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Region wants pool fencing rules changed

May 14, 2004

Region wants pool fencing rules changed

A review of the Fencing of Swimming Pools Act 1987 (FOSP) is one step closer after regional elected members backed North Shore City Mayor George Wood's call to change the law.

At last week's Local Government New Zealand (LGNZ) Zone 1 Committee, held in Takapuna, elected members from across the region agreed to ask the government to take another look at the legislation.

Mayor Wood says he appreciates the support to review what he describes as an ambiguous law.

"The legislation has proved confusing for everyone including pool owners, designers, builders, industry groups and pool fencing officers."

A remit will now be taken to LGNZ and should be considered at its next annual general meeting in July.

If the remit is passed it will go forward to the government for its consideration.

"When a great proportion of local authorities, as well as the public, keep on telling you this doesn't work something has to be done.

"This is an issue of national importance and must be addressed soon," Mayor Wood says.

Clarification would be sought on issues such as the legitimacy of lockable spa pool covers, a clear definition of the immediate pool area, the situation where doors from the house directly enter the pool area and the interaction between FOSP, the building code and the Building Act.

The FOSP was introduced in 1987 as an attempt to reduce the number of pre-school drownings in home swimming pools.

Two recent determinations from the Building Industry Authority (BIA) have had a significant impact on pool fencing approvals and their interpretation.

The new interpretations mean that lockable spa covers are no longer acceptable as an alternative to compliant pool fencing, and that it is no longer acceptable to have doors from the house entering the immediate pool area unless it is a confined area and access is restricted.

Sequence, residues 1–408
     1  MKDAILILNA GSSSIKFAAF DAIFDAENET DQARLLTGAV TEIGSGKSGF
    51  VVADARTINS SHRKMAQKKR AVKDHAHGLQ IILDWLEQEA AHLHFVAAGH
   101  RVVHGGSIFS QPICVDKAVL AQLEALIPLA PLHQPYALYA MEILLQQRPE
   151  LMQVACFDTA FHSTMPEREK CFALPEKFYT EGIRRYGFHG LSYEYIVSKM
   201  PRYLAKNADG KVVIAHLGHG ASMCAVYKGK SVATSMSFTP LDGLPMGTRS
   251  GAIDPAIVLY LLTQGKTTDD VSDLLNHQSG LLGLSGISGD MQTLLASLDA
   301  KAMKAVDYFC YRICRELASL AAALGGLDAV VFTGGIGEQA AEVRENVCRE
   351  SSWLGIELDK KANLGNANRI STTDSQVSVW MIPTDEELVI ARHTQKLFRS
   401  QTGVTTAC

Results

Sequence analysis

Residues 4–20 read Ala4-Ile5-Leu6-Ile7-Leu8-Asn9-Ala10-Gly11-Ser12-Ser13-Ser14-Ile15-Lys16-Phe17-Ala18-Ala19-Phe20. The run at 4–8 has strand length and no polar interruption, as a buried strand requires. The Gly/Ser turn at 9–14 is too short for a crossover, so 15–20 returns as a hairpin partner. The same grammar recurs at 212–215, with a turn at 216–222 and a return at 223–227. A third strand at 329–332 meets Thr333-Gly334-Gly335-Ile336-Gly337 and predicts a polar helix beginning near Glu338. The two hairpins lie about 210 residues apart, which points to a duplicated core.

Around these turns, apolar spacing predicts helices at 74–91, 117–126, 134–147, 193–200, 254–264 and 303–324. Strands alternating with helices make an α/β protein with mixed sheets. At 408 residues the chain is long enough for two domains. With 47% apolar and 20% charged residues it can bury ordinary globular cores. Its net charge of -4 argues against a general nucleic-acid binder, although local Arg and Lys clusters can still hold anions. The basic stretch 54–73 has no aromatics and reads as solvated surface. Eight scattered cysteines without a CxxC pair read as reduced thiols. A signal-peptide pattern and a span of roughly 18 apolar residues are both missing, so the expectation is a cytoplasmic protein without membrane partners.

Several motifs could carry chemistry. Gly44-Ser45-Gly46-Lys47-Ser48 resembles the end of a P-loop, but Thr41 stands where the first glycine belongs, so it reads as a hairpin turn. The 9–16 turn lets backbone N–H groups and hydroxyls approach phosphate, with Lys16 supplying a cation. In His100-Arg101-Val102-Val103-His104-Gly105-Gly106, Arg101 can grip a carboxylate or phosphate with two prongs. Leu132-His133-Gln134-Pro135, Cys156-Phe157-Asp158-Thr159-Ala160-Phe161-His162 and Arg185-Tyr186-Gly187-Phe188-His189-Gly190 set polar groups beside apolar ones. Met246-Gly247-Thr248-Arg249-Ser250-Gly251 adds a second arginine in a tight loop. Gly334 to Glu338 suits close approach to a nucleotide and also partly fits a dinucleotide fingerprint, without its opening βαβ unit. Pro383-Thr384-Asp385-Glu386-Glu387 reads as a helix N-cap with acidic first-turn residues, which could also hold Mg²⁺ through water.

"Due to the new BIA interpretations, local authorities are now left to decipher the existing legislation in different ways.

"The intent of the changes is to keep young children safe, but creates confusion for people who previously complied and now find they don't.

"The legislation has proved controversial and difficult to enforce since its inception. Parts of it are unclear and its current association with the Building Act is confusing.

"There are two Acts of Parliament that deal with pools, the Fencing of Swimming Pools Act and the Building Act. This has caused confusion and frustration for the local authorities who are required to enforce the rules and pool owners who need to follow them.

"A review will end the confusion for everyone, and put a stop to some unclear interpretations that have been highlighted by the media recently," George Wood says.

ENDS

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